In the Iliad (XI 632-637), Homer mentions the cup in which Nestor, the most aged of warriors of the Trojan War, drinks his wine. The poet describes how it was made, with golden studs and four handles, each decorated with a pigeon bending to drink from the wine in it. More significantly, he adds that when it is filled with wine, of all the warriors, "only Nestor, old as he was, could pick it up with ease from the table". In this comparison, the elderly Nestor is ranked on par with the fiercest of the young knights in the narrative: Achilles, for whom Homer uses similar expressions, not for his cup (XVI 225-8), but instead, for his horses (X 402-4), his spear (XIX 389), or for the handle that shuts the gate of the wooden fence in his camp (XXIV 455-456).
The word δέπας which the poet uses for the cup of Nestor, is also of interest. This very archaic noun is identified in a Mycenaean tablet with an ideogram, which depicts a four-handled canister, just as the cup is described in the Iliad. Subsequent poets in the antiquity used this word as a general metaphor for a "vessel", as they did for the same purpose using the names of several other kind of vases (skyphos, kantharos, gaulos etc.). From the use of the word in this manner, we can surmise that for the Greeks there was some mystic analogy springing from the Dionysian cult, which connected wine cups and ships, as well as their content, the wine, with the sea. Perhaps, this is the reason why Homer often refers to the sea as being "wine-dark". Another fascinating detail in the same scene, where the cup is mentioned, is the wine that Hekamede, Nestor's captive, uses to prepare the potent porridge, which the old King shares with his comrades. It is called "wine of Pramnos", which was the renown wine produced in ancient Icaria! What other cup, therefore, than Nestor's cup would be better, for symbolic reasons, to become the award for a sailing race that starts and ends in the island of Icaria, with elderly competitors, but still "evandroi" in body and spirit?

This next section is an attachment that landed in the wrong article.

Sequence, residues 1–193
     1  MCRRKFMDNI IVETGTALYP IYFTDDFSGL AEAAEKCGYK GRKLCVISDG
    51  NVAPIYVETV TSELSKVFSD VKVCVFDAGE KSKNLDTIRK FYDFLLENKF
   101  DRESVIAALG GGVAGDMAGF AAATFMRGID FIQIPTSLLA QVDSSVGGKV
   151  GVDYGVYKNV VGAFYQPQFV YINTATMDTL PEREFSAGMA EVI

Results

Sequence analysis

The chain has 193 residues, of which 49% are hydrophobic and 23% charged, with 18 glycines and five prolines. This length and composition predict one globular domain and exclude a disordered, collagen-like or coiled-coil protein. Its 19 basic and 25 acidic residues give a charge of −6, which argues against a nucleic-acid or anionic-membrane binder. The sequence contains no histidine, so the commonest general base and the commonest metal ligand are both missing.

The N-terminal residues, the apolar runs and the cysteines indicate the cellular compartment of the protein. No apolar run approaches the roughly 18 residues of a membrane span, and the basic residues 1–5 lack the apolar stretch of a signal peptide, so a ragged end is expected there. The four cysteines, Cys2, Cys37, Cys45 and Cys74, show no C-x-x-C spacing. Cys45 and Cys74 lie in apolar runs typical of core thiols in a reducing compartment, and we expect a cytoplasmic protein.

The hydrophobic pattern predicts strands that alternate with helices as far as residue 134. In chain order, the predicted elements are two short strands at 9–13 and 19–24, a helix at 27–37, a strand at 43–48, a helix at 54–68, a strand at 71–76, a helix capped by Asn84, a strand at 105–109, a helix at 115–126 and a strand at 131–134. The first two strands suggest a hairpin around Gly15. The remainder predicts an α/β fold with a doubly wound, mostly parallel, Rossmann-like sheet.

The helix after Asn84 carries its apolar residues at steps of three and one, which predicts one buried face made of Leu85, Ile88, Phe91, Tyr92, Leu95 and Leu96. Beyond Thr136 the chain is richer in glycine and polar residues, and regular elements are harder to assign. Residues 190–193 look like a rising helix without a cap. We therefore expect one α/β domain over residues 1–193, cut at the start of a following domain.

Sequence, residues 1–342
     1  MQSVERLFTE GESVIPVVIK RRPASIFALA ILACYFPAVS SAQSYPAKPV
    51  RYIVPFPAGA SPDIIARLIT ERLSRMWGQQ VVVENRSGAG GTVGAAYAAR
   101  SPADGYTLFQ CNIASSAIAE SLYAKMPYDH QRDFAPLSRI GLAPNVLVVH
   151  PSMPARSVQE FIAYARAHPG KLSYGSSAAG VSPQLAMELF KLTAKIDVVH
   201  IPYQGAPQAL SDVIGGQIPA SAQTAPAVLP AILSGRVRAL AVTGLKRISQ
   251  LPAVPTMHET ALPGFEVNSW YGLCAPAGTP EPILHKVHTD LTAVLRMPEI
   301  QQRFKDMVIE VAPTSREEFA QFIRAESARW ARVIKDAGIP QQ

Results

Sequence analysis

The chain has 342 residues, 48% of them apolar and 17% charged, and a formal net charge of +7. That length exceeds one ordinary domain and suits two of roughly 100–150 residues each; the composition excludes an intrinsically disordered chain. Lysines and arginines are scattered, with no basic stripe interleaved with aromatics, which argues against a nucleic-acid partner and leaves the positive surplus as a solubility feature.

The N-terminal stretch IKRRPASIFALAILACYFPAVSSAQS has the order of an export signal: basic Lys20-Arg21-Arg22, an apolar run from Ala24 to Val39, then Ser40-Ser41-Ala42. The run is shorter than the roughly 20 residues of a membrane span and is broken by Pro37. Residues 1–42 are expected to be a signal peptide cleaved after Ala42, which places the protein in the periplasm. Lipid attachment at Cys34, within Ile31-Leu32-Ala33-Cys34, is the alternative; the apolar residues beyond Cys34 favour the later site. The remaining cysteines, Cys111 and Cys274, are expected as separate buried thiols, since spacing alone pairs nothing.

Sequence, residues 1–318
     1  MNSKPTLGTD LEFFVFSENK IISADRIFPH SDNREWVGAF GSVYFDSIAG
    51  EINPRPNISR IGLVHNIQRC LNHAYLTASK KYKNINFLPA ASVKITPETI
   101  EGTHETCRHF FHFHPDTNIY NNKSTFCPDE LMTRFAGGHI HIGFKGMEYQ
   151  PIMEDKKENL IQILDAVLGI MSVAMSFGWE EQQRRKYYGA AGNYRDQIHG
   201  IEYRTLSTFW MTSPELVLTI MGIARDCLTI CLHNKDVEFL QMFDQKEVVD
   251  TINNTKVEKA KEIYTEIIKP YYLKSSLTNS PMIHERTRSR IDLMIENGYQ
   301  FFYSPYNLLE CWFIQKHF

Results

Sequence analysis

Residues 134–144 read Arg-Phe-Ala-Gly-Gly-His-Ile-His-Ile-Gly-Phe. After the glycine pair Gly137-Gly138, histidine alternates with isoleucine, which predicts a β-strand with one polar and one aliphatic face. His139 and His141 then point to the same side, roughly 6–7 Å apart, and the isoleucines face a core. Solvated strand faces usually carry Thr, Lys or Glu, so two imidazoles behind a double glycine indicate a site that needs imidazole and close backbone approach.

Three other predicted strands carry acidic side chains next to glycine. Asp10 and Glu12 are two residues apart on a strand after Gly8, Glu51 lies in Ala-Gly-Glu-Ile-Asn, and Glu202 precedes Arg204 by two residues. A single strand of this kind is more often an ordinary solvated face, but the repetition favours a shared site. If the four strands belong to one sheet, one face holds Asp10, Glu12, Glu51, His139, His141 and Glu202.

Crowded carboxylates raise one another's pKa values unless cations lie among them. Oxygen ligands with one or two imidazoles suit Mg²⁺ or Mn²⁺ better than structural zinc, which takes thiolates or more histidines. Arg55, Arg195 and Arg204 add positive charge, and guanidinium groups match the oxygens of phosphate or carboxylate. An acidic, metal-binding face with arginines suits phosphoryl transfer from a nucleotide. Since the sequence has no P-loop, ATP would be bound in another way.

Two different ancient cups were excavated and have been associated with the mythical cup of Nestor. The oldest and one of the greatest artifacts of the period, dating from 1600 BC, was discovered in 1876 by Heinrich Schliemann at Mycenae, now on display at the National Archeological Museum of Athens. Just as the one which Homer describes, it is made of gold and its handles bear birds dipping to drink from its content. It is much older than the period the Trojan War took place, it has only two handles instead of four, and the birds are falcons not pigeons. Nonetheless, Schliemann quickly identified it as the mythical cup and since then the archeologists refer to it as "the golden cup of Nestor".
The second ancient vessel that is also known as "Nestor's cup" is made of clay rather than gold. It is a vase in the shape of a Rhodian "kotylos" which was found in 1954 at an excavation in the ancient Pithekoussai (the island of Ischia, Italy). It is dated approximately from the 2nd half of the 8th century BC and it is on display at the local archeological museum. The reason why this vase is referred to as "Nestor's cup" is not for its likeness to Homer's description, but for an inscription in three separate lines written on it. The short text states: "[I am?] Nestor's cup, good to drink from. Whoever drinks from this cup, him straightaway the desire of beautiful-crowned Aphrodite will seize".